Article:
Diane Halpern

The idea that women and men might actually think differently, that is have different preferred modes of thinking or different thinking abilities, came up in both classes. At the time, it seemed clear to me that any between-sex differences in thinking abilities were due to socialization practices, artifacts and mistakes in the research, and bias and prejudice. After reviewing a pile of journal articles that stood several feet high and numerous books and book chapters that dwarfed the stack of journal articles, I changed my mind. The task I had undertaken certainly wasn’t simple and the conclusions that I had expected to make had to be revised.

The literature on sex differences in cognitive abilities is filled with inconsistent findings, contradictory theories, and emotional claims that are unsupported by the research. Yet, despite all of the noise in the data, clear and consistent messages could be heard. There are real, and in some cases sizable, sex differences with respect to some cognitive abilities. Socialization practices are undoubtedly important, but there is also good evidence that biological sex differences play a role in establishing and maintaining cognitive sex differences, a conclusion that I wasn’t prepared to make when I began reviewing the relevant literature.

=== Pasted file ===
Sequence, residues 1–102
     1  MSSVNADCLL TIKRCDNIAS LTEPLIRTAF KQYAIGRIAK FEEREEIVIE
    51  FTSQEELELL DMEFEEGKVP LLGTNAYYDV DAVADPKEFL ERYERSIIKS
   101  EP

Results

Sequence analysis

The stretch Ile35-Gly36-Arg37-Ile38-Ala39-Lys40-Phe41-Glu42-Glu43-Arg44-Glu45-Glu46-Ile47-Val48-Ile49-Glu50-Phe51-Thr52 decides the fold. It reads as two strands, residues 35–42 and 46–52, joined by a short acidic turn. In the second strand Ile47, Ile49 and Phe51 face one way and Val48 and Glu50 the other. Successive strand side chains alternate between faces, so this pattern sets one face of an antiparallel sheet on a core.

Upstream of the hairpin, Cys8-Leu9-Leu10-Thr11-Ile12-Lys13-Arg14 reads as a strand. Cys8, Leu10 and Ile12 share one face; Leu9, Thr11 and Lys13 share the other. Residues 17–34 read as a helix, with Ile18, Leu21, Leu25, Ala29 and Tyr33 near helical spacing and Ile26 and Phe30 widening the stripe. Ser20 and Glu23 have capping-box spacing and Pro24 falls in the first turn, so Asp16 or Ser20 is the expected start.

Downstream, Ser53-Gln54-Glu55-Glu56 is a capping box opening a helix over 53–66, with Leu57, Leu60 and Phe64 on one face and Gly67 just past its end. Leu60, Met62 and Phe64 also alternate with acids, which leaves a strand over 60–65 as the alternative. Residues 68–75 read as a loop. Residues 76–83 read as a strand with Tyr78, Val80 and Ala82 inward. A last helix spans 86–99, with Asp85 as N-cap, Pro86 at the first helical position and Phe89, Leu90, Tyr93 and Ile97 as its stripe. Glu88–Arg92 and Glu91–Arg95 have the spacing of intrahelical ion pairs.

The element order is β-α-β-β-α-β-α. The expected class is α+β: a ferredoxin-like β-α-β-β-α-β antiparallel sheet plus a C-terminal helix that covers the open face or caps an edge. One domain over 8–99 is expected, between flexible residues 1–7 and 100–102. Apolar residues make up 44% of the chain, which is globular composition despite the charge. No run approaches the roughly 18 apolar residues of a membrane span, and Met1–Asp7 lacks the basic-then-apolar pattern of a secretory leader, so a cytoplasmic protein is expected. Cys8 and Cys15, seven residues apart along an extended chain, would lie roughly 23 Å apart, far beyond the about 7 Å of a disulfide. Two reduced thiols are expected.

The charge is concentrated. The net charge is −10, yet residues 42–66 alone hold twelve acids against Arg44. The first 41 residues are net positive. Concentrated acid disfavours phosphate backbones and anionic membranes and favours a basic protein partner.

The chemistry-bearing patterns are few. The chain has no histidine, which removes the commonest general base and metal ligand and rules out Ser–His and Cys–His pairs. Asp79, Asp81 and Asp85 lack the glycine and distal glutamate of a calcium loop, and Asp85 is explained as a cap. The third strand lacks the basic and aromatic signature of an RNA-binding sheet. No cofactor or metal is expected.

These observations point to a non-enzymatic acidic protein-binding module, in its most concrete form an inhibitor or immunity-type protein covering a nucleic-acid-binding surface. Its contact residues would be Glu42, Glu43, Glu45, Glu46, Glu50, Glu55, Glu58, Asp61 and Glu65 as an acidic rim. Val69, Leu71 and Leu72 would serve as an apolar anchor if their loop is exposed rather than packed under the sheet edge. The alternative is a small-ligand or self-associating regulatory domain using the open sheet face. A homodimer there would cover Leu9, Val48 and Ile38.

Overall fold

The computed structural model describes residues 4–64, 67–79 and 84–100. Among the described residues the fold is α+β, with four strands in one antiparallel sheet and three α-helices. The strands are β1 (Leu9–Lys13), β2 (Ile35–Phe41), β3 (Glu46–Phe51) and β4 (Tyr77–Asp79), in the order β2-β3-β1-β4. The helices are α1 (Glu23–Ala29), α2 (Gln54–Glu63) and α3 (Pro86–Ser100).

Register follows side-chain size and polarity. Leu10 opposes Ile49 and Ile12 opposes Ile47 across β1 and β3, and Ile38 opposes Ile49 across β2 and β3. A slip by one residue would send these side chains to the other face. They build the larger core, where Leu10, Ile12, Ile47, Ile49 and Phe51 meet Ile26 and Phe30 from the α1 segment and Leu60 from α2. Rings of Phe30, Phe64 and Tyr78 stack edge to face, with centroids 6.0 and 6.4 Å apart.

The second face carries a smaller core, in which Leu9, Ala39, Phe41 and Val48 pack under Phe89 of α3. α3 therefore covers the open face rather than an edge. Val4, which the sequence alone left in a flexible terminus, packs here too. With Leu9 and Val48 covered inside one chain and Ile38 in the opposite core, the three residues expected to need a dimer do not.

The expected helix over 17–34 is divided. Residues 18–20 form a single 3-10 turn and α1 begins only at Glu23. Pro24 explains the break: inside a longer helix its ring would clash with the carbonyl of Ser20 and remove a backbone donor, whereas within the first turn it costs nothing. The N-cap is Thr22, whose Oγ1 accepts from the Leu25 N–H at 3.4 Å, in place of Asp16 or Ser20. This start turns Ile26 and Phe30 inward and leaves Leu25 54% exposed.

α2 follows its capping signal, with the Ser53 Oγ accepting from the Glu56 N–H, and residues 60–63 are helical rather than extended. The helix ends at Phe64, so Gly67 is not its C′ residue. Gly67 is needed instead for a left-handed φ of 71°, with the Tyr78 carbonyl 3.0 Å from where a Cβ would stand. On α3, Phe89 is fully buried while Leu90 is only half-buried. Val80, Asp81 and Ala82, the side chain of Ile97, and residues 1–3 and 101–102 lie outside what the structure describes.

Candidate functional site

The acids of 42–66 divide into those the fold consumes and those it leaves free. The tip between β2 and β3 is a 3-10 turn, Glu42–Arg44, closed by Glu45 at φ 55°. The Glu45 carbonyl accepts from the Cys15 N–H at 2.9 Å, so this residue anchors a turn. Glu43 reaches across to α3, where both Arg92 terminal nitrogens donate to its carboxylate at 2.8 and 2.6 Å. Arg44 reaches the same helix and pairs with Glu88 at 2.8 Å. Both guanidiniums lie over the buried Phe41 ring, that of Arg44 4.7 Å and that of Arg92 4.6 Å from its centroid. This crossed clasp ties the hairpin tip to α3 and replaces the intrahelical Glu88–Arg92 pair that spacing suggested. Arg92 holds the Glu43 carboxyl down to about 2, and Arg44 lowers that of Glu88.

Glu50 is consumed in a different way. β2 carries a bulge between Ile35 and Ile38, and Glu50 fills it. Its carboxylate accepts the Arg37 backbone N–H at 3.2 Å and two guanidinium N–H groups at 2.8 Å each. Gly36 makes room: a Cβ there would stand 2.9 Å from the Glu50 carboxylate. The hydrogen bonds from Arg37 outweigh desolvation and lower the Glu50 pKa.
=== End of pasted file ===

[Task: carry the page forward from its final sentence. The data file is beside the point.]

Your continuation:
Diane Halpern, Sex Differences in Cognitive Abilities, 4th ed., New York, 2012, p. xxi